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£40 billion lost to the Tax Gap

The official gap between the amount of tax owed and what the government collects, has grown to nearly £40 billion, new HMRC figures show.

The official figures released by HMRC were also expected to provide an estimate of the annual offshore tax gap for individuals in Self Assessment. Chief Secretary to the Treasury, Nigel Huddlestone had provided a written answer to Margaret Hodge on this issue confirming the data would be released alongside the Tax Gap statistics on the 20th June 2024. This followed a previous delay whereby the offshore data was expected to be published in 2023. However no offshore tax gap data has been released today.

Instead the 2024 Tax Gap release states: “This publication includes updates to established tax gap estimates only. The ‘Measuring tax gaps 2023 edition’ referenced a future development priority to quantify non-compliance associated with UK residents’ failure to declare offshore income. HMRC plan to publish this analysis after the election period.”

This comes as an investigation by The Bureau of Investigative Journalism found that HMRC hasn’t fined a single enabler of offshore tax evasion in five years, despite landmark powers introduced in 2017.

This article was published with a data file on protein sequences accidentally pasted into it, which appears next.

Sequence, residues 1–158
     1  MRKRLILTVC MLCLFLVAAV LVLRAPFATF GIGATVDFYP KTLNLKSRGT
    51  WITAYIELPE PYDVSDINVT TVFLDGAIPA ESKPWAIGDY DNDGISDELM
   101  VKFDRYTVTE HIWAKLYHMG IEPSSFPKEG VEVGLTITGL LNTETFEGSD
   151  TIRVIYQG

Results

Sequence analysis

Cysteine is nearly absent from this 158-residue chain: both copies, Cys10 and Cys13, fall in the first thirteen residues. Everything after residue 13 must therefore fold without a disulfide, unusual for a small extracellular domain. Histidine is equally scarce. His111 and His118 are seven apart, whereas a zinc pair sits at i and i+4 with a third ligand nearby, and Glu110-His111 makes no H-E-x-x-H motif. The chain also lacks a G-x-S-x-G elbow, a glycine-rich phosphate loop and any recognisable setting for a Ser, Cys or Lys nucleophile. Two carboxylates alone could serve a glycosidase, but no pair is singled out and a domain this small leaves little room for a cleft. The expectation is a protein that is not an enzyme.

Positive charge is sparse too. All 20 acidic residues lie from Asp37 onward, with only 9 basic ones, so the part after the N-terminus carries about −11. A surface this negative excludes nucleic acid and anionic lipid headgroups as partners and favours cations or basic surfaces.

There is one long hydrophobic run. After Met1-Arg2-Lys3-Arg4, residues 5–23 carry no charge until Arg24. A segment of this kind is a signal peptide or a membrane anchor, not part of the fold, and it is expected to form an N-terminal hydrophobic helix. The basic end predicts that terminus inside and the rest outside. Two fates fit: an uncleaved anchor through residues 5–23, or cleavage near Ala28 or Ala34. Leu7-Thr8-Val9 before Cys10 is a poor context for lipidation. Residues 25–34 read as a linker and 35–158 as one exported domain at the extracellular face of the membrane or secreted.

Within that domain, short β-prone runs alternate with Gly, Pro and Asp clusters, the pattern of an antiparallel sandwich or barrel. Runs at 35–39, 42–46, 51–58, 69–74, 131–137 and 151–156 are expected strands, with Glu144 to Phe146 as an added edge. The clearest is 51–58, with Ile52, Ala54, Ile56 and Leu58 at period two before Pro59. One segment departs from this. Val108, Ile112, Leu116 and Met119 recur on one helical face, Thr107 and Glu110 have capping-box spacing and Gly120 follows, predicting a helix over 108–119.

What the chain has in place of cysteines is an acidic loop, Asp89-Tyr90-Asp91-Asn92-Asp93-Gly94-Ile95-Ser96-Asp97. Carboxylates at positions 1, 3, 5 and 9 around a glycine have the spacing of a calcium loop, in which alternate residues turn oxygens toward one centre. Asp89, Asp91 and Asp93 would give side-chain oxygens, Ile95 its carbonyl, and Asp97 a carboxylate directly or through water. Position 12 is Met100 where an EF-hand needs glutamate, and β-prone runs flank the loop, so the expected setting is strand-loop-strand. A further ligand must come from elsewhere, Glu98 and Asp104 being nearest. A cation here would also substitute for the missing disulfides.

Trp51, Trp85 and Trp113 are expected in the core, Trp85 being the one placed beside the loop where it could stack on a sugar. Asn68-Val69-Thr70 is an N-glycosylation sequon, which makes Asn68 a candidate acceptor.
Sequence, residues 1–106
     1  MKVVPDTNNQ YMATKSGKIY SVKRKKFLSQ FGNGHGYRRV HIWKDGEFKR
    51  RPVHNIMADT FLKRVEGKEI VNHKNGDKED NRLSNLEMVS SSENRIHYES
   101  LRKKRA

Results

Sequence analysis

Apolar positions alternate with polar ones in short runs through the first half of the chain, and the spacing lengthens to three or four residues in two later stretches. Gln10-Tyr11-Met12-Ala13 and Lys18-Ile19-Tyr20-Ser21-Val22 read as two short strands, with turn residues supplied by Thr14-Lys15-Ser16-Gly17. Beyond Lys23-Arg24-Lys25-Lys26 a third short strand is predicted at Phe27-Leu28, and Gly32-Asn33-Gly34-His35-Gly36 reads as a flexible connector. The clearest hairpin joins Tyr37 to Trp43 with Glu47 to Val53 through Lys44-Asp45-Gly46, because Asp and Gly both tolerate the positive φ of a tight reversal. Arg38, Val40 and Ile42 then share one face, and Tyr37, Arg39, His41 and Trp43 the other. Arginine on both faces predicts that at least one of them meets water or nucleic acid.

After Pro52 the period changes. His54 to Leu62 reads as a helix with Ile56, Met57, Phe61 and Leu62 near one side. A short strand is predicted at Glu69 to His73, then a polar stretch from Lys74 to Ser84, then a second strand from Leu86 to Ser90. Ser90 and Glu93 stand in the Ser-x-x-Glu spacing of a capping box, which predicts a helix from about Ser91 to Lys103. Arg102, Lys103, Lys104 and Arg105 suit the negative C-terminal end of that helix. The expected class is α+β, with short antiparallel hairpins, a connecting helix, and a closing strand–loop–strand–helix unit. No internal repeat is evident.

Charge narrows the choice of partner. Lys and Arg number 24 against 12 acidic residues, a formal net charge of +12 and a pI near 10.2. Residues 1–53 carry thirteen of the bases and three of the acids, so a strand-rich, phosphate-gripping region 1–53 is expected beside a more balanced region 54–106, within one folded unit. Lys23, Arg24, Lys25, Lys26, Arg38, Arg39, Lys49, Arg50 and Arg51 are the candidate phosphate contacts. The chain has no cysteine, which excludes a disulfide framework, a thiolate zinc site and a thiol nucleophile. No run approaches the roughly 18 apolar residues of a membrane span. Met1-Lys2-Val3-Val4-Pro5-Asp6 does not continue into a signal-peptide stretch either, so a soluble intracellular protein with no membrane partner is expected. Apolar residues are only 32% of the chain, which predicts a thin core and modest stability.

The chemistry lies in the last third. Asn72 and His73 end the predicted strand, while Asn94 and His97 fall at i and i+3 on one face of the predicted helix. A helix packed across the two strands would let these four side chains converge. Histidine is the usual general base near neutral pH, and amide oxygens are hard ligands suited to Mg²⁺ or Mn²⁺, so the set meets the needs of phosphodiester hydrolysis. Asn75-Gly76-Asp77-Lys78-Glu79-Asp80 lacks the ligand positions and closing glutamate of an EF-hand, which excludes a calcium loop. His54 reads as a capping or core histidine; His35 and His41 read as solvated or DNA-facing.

Rachael Henry, Head of Advocacy and Policy at Tax Justice UK, said: “Giving HMRC the tools it needs to collect unpaid tax is essential. Whether it’s the direct return on investment to the tax authority or being able to spend extra tax revenue on getting the UK healthy again. It is an open goal for the government and a winner for the country.

Simply put, it is not just or right for billions of pounds of tax to be left uncollected. The NHS desperately needs extra funds and people are having to put unaffordable basics back on supermarket shelves far too often. The tax gap of £40bn is vital revenue to help clear waiting lists and guarantee people get the healthcare appointments and treatments they need.”

If the Tax Gap were to be closed by just 10%, this could cover the cost of ending the two child benefit cap. Closing the Tax Gap by 20% could pay for around 60,000 nurses, 40,000 teachers, and 40,000 police officers. This illustrates how the collection of unpaid tax could be transformative for public services and the social security net in the UK.

[ENDS] Notes to editors:

  • For more information contact: Jake Woodier, Deputy Director – Comms, Tax Justice UK on: 07503 789 994 /
  • The HMRC Tax Gap figures arehere.
  • The “Tax Gap” is the difference between the amount of tax that should be collected and the amount actually collected, and grew from nearly £36 billion in 2021/22 to £40bn in 2022/23.
  • Tax Justice UK is a campaigning and advocacy organisation. Our mission is to ensure that everyone in the UK benefits from a fair and effective tax system. We are not-for-profit and politically non-aligned. Tax Justice UK is a partner of (but independent from) the Tax Justice Network.